Investors should avoid bonds as the resolution of the fiscal cliff confirms that the White House isn’t serious about spending cuts. When the widely expected deal was completed, it was worse than anyone imagined.
With $41 in tax increases for each $1 in spending cuts, the fiscal cliff was avoided in a way that still managed to add trillions to the deficit. Estimates of the total damage to the economy are still being developed, but it is increasingly likely that the total federal debt will top $20 trillion by the time President Barack Obama leaves office in January 2017.
In eight years, Obama will have doubled the nation’s debt. The Federal Reserve has worked hard to push the average interest rate paid on that debt down by about 1 percent. Lately, Fed efforts have been less effective and if interest rates reverse by only 1 percent, the results could be catastrophic.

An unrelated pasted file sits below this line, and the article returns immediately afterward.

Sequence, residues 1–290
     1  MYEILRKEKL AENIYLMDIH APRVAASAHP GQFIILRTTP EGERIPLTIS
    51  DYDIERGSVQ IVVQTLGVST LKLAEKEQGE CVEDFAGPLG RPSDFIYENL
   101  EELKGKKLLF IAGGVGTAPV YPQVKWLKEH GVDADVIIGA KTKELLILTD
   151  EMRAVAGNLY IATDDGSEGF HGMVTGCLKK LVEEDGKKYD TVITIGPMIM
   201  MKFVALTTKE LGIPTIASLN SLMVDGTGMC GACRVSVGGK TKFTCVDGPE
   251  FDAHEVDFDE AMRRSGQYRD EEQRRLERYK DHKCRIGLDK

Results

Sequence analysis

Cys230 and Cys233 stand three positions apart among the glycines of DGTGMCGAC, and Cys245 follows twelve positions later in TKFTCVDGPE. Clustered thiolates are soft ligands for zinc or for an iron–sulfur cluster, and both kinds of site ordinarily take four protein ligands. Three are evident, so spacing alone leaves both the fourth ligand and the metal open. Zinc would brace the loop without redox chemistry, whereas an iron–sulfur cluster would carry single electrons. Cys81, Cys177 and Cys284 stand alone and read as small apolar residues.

The U.S. government paid $451 billion in interest in 2008. Despite the large increase in debt, thanks to the Fed, the amount of interest paid in 2012 was only $360 billion.
If rates rise to the level they were in 2008, the United States would face interest payments of more than $1 trillion a year. The perilous financial position of the United States would force bond markets to demand a higher risk premium and that would lead to even higher rates, potentially putting the United States on the same path that Greece and Spain have been on.
In the long run, there is no free lunch, although Fed Chairman Ben Bernanke did give Obama a chance to run a tab. Markets will eventually call the tab and the United States will have to pay for the debt that Obama has amassed with so few results.
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